Tonight, Senator Mikulski and Rep. Hal Rogers announced a spending agreement for the remainder of Fiscal Year 2015. See the excerpt from the official summary released by the appropriators below for early childhood programs:
"The U.S. Senate Appropriations Committee today released highlights of the fiscal year 2015 omnibus appropriations bill, “Consolidated and Further Continuing Appropriations Act, 2015,” that totals $1.014 trillion in discretionary spending in compliance with the bipartisan Murray-Ryan budget agreement. The bill funds the government through
September 30, 2015.
In addition, it includes: $5.4 billion of emergency funding to prepare for and respond to the Ebola outbreak; $73.7 billion for Overseas Contingency Operations; and $6.5 billion of disaster aid."
"Supports Continued Investment in High-Quality Early Childhood Care and Education
High-quality early childhood care and education has been proven to have positive, lasting effects for children and families. It also supports the nation's long-term economic security by preparing our next generation of workers, entrepreneurs and business leaders. This bill supports the key federal investments in early childhood care and education, for children and their families from before birth through age five, including:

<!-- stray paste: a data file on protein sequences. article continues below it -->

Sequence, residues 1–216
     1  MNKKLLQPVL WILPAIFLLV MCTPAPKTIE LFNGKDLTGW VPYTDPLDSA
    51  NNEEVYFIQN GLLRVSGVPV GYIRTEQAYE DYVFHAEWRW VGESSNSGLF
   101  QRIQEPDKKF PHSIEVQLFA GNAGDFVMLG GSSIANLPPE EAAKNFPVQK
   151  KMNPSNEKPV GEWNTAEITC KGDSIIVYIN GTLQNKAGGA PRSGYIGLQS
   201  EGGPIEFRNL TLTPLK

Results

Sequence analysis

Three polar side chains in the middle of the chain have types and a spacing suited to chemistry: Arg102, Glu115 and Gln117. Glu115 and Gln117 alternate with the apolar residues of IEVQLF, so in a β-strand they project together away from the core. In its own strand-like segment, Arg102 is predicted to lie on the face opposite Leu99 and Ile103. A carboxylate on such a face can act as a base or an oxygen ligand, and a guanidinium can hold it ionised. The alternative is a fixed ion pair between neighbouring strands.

Child Care and Development Block Grant (CCDBG)—The bill includes $2.435 billion, a $75 million increase, for the CCDBG. In November, Congress overwhelmingly passed the CCDBG Act of 2014, the first reauthorization of the program since 1996. This reauthorization included key updates and reforms, including requiring states to strengthen health and safety standards. Improving the quality of child care programs while maintaining working families’ access to quality child care options will require significantly more resources, but the increase in funding for the CCDBG is an important step in helping states implement these key reforms and support working families’ access to quality, affordable child care.
Head Start—The bill includes $8.598 billion for Head Start, maintaining support for key investments in Head Start and Early Head Start, including Early Head Start-Child Care Partnerships, made last year.
Preschool Development Grants—The agreement provides $250 million to continue support for Preschool Development Grants. The Departments of Education and Health and Human Services (HHS) awards $250 million to states through grants designed to help states initiate or implement high-quality public preschool programs for low- and moderate-income families. The funding in this bill will support the second year of what is expected to be four year awards. Research is clear that the benefits of high-quality early childhood education programs exceed costs by varying but significant amounts."